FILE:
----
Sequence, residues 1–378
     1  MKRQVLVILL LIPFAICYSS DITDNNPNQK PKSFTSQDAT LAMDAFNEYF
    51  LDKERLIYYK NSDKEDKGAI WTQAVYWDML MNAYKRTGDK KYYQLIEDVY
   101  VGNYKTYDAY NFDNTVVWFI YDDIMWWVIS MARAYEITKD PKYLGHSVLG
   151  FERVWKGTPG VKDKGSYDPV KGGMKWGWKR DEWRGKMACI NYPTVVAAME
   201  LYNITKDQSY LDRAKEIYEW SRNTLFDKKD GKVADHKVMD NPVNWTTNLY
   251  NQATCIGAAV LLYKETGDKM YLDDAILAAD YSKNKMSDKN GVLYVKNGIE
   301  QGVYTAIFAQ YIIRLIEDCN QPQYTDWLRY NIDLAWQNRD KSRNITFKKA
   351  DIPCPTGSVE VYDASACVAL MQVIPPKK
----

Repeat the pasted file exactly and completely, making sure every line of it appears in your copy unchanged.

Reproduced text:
Sequence, residues 1–378
     1  MKRQVLVILL LIPFAICYSS DITDNNPNQK PKSFTSQDAT LAMDAFNEYF
    51  LDKERLIYYK NSDKEDKGAI WTQAVYWDML MNAYKRTGDK KYYQLIEDVY
   101  VGNYKTYDAY NFDNTVVWFI YDDIMWWVIS MARAYEITKD PKYLGHSVLG
   151  FERVWKGTPG VKDKGSYDPV KGGMKWGWKR DEWRGKMACI NYPTVVAAME
   201  LYNITKDQSY LDRAKEIYEW SRNTLFDKKD GKVADHKVMD NPVNWTTNLY
   251  NQATCIGAAV LLYKETGDKM YLDDAILAAD YSKNKMSDKN GVLYVKNGIE
   301  QGVYTAIFAQ YIIRLIEDCN QPQYTDWLRY NIDLAWQNRD KSRNITFKKA
   351  DIPCPTGSVE VYDASACVAL MQVIPPKK